Valuing the Benefits and Enhancing Access: Community and Allotment Gardens in Urban Melbourne, Australia | Land Portal

Resource information

Date of publication: 
January 2022
Resource Language: 
ISBN / Resource ID: 
LP-midp000347
Copyright details: 
© 2022 by the authors. Licensee MDPI, Basel, Switzerland. This article is an open access article

The purpose of this study was to explore perceptions of the benefits and challenges experienced by community and allotment gardens utilising a broad theoretical analysis, pertaining to the case study of Melbourne, a city in Australia that until recently has been experiencing significant population growth and urban densification. The study involved qualitative, semi-structured interviews with 23 participants from six urban community and allotment gardens. Interviews identified the perceived benefits of community and allotment gardening, perceived demographic patterns of engagement, challenges faced in relation to secure land access, and the potential offered by community and allotment gardens for social and environmental wellbeing. Findings revealed a range of perceived benefits, perceived demographic patterns, highlighted challenges posed to participation due to insecurity around ongoing land access, and detailed the perceived capacity community and allotment gardens have to contribute to social and environmental wellbeing. This study contributes to existing literature focused on the benefits and potential of community and allotment gardening for personal, social and environmental wellbeing, by offering an original theoretical contribution through carrying out an analysis informed by urban geography, phenomenology, political economy and ecology, and to literature focused on issues of access to land for these amenities.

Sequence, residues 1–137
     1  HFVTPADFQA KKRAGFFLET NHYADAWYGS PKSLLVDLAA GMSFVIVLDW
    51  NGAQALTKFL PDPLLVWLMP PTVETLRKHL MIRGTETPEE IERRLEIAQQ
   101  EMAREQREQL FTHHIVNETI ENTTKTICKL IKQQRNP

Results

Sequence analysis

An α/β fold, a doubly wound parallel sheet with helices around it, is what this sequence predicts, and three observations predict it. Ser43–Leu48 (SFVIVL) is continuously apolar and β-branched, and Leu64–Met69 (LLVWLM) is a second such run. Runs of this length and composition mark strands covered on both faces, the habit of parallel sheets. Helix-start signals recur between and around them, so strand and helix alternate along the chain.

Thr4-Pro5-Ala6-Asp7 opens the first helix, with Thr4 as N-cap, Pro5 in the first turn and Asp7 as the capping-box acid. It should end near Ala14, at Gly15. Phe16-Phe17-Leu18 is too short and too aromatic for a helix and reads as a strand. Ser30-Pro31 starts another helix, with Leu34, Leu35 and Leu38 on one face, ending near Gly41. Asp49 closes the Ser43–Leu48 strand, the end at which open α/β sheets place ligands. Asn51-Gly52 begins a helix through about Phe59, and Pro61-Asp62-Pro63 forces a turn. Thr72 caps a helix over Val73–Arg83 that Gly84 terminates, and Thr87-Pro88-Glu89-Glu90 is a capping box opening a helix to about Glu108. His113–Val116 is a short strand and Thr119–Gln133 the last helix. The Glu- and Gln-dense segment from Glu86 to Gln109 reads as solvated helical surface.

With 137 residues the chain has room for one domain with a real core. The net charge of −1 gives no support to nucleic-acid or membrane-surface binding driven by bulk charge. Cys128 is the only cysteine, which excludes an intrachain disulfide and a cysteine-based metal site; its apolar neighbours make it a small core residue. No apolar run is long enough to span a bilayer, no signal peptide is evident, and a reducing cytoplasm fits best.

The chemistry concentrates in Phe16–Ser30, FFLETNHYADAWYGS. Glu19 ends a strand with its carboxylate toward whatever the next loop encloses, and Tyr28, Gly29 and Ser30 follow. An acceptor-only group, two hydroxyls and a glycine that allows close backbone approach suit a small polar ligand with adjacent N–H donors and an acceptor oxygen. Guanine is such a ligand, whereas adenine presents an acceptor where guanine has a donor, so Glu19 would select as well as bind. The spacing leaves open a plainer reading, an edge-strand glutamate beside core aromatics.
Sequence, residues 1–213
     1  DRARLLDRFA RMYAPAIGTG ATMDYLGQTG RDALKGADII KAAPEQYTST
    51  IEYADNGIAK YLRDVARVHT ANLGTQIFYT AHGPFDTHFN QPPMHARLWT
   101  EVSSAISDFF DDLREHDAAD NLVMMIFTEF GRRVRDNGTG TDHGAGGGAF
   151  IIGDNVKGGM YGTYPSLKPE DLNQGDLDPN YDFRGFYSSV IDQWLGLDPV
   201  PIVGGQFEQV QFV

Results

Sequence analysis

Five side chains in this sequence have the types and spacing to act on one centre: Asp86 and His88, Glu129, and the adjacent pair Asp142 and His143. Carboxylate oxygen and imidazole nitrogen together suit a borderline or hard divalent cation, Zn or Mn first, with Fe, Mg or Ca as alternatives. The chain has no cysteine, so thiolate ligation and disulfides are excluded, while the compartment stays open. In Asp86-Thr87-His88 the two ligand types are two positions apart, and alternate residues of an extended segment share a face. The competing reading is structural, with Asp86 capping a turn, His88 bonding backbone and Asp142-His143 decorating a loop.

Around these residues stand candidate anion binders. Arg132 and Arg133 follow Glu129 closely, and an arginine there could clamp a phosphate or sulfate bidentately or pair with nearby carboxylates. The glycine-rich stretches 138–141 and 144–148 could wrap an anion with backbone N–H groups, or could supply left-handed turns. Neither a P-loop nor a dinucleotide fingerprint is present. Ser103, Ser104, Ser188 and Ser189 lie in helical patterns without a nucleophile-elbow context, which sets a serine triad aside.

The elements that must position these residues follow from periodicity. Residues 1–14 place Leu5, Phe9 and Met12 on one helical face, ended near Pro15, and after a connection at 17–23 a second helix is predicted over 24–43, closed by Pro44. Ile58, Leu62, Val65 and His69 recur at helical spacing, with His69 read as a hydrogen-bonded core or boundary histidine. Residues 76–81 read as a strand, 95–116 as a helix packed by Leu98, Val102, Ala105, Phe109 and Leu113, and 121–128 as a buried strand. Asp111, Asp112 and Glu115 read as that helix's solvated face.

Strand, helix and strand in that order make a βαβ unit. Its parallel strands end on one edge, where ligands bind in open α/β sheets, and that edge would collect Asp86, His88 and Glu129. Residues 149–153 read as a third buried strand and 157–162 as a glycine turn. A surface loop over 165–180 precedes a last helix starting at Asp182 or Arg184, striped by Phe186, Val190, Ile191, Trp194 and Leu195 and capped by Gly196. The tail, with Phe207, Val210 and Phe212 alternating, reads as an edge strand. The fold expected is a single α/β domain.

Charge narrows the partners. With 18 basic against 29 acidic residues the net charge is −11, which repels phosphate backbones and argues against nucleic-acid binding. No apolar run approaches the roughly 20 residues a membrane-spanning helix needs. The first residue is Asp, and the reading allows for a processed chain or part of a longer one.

Authors and Publishers

Author(s), editor(s), contributor(s): 

Bailey, AislingKingsley, Jonathan

Corporate Author(s): 
Publisher(s): 

MDPI AG, a publisher of open-access scientific journals, was spun off from the Molecular Diversity Preservation International organization. It was formally registered by Shu-Kun Lin and Dietrich Rordorf in May 2010 in Basel, Switzerland, and maintains editorial offices in China, Spain and Serbia. MDPI relies primarily on article processing charges to cover the costs of editorial quality control and production of articles. Over 280 universities and institutes have joined the MDPI Institutional Open Access Program; authors from these organizations pay reduced article processing charges.

Data provider

MDPI AG, a publisher of open-access scientific journals, was spun off from the Molecular Diversity Preservation International organization. It was formally registered by Shu-Kun Lin and Dietrich Rordorf in May 2010 in Basel, Switzerland, and maintains editorial offices in China, Spain and Serbia. MDPI relies primarily on article processing charges to cover the costs of editorial quality control and production of articles. Over 280 universities and institutes have joined the MDPI Institutional Open Access Program; authors from these organizations pay reduced article processing charges.

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